You love your noble, majestic Great Dane. Is there a prouder-looking dog on the planet? Unfortunately, the Dane's great size also predisposes him to certain bone and joint issues. Keep an eye on your Dane. If he exhibits any signs of lameness, take him to the vet for a diagnosis.
It takes a long time for a Dane's bones to mature. Two bone problems may strike growing Great Danes. Hypertrophic osteodystrophy, similar to the juvenile rheumatoid arthritis that affects young people, attacks the young Dane's joints. If your Dane puppy's joints swell or he has a fever, take him to vet for treatment. Early diagnosis and treatment can save your dog from this painful condition. Young Danes are also prone to panosteitis, often called "growing pains." Not as serious as hypertrophic osteodystrophy, panosteitis affects the long bones in the legs. Your Dane might be lame, and the lameness might move from one leg to another. Eventually the dog outgrows it, but in the meantime your vet may prescribe pain medications to help your Dane.
Danes are prone to osteosarcoma, or cancer of the bone. This usually affects the front legs. Bone cancer generally shows up in older dogs, after the age of 7. While 7 is middle-aged for smaller canines, it's getting up there for giant breeds like the Dane. Your dog might show signs of lameness that worsen over a period of weeks. However, one of the first signs could be a broken bone. To make a diagnosis, your vet must perform a biopsy of the bone. Depending on how far the cancer has spread, amputation may give your Dane a longer lifespan. Most dogs adjust to loss of a limb. Radiation and chemotherapy treatment might also prolong your Dane's life.
Wobbler syndrome affects the dog's spine in the neck area. Its actual name is cervical vertebral instability, but it got its nickname because wobbling is one of the early signs. If your Dane is affected, he might start wobbling when walking, especially in the hind end. As wobbler syndrome progresses, it affects all of his legs and he's obviously in pain. The condition generally appears when a Dane is about 3 years old. Your vet diagnoses it by performing neurological and physical tests on your Dane, along with X-rays. In the early stages, she may prescribe medication to reduce pain and inflammation. Use a harness when walking your Dane, rather than a collar, to avoid stressing his neck. In more advanced cases, surgery is an option.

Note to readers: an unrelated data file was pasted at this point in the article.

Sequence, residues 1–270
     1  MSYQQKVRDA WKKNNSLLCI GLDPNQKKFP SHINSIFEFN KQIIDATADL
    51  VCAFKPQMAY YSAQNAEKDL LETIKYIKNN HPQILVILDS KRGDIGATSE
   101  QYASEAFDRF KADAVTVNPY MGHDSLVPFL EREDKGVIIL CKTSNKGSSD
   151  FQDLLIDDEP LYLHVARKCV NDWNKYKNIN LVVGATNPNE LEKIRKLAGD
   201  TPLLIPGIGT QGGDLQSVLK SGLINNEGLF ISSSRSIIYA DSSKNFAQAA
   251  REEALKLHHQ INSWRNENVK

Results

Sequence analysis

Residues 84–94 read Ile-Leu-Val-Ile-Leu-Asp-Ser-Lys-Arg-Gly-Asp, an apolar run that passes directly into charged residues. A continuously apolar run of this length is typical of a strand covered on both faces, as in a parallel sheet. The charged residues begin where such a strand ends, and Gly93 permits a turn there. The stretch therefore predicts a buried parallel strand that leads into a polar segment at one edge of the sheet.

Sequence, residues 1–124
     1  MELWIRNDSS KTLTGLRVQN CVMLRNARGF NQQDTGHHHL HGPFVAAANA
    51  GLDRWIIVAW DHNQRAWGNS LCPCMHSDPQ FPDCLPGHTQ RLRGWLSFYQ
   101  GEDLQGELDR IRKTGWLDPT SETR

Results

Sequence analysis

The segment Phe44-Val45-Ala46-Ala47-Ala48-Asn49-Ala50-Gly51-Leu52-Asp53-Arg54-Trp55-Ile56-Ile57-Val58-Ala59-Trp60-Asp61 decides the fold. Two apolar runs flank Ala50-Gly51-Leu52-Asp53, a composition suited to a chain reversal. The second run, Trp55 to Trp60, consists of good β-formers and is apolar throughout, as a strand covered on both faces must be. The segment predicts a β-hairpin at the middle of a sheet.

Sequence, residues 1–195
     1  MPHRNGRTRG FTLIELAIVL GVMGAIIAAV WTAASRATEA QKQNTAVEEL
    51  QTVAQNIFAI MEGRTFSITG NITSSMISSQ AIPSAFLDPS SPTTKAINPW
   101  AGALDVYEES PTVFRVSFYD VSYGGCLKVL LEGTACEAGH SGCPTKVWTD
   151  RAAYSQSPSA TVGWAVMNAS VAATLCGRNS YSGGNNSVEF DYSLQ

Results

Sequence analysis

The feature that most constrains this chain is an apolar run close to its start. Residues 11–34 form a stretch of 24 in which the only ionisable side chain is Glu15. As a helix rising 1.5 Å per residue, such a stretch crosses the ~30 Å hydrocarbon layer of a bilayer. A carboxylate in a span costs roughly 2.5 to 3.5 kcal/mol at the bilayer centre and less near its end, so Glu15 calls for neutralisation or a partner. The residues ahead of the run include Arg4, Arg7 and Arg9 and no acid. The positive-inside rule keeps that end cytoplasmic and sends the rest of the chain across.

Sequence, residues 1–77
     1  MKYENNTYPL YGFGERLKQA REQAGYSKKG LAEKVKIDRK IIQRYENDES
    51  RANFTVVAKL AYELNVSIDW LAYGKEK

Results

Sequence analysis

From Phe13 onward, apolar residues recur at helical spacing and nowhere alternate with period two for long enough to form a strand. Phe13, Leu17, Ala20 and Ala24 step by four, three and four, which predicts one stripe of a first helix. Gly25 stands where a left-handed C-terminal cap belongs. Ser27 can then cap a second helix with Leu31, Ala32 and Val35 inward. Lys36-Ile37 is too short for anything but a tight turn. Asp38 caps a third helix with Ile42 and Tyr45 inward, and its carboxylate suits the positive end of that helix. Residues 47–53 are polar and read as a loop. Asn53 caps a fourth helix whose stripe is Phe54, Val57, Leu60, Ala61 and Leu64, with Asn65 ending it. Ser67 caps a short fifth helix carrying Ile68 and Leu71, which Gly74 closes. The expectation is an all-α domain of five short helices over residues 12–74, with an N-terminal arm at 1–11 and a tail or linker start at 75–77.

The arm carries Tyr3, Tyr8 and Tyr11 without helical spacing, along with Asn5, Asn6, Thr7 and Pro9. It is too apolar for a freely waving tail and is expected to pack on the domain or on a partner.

Like many large breeds, Danes may suffer from hip dysplasia, a malformation of the hip joint. Hip dysplasia causes early signs of arthritis and eventual loss of mobility. In mild cases, your vet can prescribe medication to ease pain. In more severe cases, surgery is required to fix the joint. Since hip dysplasia is hereditary, when purchasing a Dane puppy, buy only from reputable breeders who can show you clean X-rays of the parent's hips. If your dog does suffer from hip dysplasia, keep him a little on the thin side. Overweight dogs put more stress on their joints.
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